The world is a different place now than it was a mere 11 years ago. My original 2007 iPhone doesn’t work anymore but looking back I still see that same industrial magic in iPhone X even though both phones are flat slabs with rounded corners. Look at how much has changed.
A year ago, on the cusp of iPhone X, I read that director Steven Soderbergh shot a movie entirely on an iPhone. Think about that for a moment. A feature length movie shot on an iPhone instead of using traditional film or expensive digital cameras like the RED MONSTRO 8K camera (recent iPhones can shoot 4K video).
Progress. Technological innovation, Apple style, is iterative and disruptive, though not necessarily at the same time or in any particular order. Iterative innovations are visible in the annual iPhone updates– camera, CPU, screen, iOS, etc– but combine year over year to produce a monumental difference in advancements within a decade.
Personal photographs from the early iPhones were anything but competitive to entry level DSLRs or point-and-shoot cameras of the era. Today’s iPhones are good enough to shoot movies and display HDR content; not to mention 4K video, slow-motion, and time-lapse. All in a device that fits into your pocket.
Along the way Apple also introduced more disruptive technology. Passwords were replaced with fingerprint scanners in Touch ID that is replace with facial recognition in Face ID, visible now in iPhone X. It just works. It’s Apple’s typical blend of convenience and security. How good will Face ID and the TrueDepth camera and sensor array be a decade from now?
To be honest, just a quick look backwards a few decades reveals startling changes. In a previous life just a few decades I worked for a small radio and TV commercial production company. Think giant video tape recorders, A-B roll, multi-track audio recorders, and all the associated equipment used by professionals of the era. Absolutely everything we could produce back then on very expensive cameras, tape recorders, and studio editing equipment can be produced today with a Mac, iPhone, and a decent microphone. And the Mac is there simply because it’s faster to edit video on the Mac’s larger screen than the iPhone’s screen. Swap out the Mac for an iPad and the capability and quality remains but at a lower price tag.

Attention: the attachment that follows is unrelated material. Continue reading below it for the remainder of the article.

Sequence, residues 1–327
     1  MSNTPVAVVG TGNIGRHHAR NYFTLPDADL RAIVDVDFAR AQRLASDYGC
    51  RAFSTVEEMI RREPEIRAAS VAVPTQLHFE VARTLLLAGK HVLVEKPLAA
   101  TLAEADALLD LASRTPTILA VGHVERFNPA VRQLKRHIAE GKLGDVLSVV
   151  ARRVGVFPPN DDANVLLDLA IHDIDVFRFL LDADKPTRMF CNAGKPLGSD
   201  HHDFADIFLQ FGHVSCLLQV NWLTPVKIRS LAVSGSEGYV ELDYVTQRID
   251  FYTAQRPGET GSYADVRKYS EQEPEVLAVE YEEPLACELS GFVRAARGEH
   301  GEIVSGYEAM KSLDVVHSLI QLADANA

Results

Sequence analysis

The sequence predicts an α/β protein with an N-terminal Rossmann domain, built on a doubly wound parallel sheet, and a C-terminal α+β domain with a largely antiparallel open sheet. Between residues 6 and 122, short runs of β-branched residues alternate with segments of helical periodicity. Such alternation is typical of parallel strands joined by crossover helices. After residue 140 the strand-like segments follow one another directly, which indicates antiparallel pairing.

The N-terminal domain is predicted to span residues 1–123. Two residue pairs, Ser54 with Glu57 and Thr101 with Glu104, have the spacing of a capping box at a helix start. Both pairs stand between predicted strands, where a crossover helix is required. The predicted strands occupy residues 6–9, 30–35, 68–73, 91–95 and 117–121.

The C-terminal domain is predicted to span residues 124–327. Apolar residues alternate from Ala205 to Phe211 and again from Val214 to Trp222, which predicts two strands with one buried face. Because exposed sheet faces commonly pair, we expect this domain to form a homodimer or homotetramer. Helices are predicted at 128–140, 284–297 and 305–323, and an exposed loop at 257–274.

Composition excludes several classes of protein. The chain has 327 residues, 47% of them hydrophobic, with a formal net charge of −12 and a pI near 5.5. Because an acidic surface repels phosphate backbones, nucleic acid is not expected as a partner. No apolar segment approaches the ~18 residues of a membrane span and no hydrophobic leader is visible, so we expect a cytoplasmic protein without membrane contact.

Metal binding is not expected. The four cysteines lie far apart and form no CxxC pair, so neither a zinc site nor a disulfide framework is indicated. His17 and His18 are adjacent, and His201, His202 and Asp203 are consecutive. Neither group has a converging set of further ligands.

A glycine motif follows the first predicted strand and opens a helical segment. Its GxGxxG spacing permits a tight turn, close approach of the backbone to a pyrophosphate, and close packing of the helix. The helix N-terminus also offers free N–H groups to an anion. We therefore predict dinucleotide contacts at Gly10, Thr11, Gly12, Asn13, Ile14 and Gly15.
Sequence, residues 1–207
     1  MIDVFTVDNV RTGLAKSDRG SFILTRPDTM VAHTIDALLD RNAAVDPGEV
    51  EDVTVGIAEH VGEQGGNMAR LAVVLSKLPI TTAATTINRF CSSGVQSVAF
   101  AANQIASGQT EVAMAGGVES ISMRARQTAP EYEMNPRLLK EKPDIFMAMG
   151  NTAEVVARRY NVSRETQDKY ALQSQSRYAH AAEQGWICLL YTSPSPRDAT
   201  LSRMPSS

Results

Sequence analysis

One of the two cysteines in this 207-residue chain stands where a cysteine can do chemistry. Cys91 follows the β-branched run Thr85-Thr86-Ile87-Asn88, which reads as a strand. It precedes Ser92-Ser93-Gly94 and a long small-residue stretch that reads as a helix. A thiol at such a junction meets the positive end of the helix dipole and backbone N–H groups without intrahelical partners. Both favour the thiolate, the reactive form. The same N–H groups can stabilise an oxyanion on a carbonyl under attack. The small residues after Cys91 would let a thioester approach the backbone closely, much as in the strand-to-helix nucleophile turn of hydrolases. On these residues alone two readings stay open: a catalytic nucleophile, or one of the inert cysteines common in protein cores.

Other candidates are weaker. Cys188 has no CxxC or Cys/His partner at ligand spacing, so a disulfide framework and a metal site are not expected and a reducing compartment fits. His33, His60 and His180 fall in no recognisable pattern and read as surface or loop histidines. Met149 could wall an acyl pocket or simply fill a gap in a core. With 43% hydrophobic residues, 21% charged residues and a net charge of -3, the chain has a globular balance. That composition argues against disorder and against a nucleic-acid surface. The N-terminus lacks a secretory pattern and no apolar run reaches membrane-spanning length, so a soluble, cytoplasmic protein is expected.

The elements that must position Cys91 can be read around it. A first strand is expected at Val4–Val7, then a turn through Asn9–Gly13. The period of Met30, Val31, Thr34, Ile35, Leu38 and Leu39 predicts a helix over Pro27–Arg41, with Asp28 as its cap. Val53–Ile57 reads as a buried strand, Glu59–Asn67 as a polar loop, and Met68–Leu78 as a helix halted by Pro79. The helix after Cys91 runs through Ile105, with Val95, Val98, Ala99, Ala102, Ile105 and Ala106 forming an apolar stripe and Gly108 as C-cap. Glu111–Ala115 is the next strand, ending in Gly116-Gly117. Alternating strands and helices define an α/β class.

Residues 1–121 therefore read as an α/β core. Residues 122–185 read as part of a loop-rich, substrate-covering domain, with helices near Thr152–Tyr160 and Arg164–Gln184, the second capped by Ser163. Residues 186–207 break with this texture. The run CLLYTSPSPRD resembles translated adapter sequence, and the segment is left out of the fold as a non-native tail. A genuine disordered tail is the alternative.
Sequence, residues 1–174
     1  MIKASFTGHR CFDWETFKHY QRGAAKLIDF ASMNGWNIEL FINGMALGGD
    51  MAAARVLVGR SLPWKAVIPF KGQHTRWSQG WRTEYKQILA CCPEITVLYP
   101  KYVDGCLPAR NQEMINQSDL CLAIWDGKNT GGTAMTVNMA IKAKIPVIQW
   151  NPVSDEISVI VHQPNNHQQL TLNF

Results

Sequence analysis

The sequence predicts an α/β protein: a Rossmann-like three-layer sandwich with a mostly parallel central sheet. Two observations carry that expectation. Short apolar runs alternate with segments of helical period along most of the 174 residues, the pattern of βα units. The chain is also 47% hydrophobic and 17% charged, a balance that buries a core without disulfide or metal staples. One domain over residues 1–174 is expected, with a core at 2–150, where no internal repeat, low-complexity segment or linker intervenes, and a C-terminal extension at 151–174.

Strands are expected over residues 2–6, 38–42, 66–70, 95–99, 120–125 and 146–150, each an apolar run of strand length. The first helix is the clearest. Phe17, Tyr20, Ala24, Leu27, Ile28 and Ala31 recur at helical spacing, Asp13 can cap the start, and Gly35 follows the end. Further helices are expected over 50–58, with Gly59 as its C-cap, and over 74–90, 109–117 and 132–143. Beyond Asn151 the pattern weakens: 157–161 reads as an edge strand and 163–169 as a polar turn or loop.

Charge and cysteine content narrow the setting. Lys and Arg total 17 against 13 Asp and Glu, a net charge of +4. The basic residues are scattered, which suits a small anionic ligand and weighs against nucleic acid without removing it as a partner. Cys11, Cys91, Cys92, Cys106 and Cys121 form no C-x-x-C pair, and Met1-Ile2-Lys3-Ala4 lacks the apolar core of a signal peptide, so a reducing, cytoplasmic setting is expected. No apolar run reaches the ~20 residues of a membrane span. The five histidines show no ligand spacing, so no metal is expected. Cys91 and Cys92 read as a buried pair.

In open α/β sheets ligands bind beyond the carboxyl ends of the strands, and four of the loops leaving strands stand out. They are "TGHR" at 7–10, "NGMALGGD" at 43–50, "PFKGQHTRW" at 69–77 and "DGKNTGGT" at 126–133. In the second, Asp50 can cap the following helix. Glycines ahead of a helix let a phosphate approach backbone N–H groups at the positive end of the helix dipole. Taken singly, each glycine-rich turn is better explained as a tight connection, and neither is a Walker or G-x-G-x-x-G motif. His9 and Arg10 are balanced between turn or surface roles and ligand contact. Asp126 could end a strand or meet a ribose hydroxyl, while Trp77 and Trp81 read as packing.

For most of Apple’s customers, the iPhone is the center device in their lives; one that captures and stores and shares moments in photos and videos, but also allows people to connect with others almost anywhere in the world. That is a massive change that has occurred only in the last decade. More than 3-billion people have smartphones which do, in varying degrees of quality, what an iPhone X can do.
Now, let’s look back at that period from 2007 to now and give consideration to the changes we will see from 2018 to a decade later. What’s coming? Already we see Apple planting itself as the 4K HDR leader, a level of quality which will make many television stars and news reporters look like relics from a century ago. What else is coming? Apple Glasses? Health implants? And what effect will all these future changes have upon society? We’ve already seen an upheaval with the use of social media on our devices? Will totalitarian governments rule with an iron fist in a decade? Or, will there be mostly digital anarchy?
As Bob Dylan said, “The times they are-a-changin’.”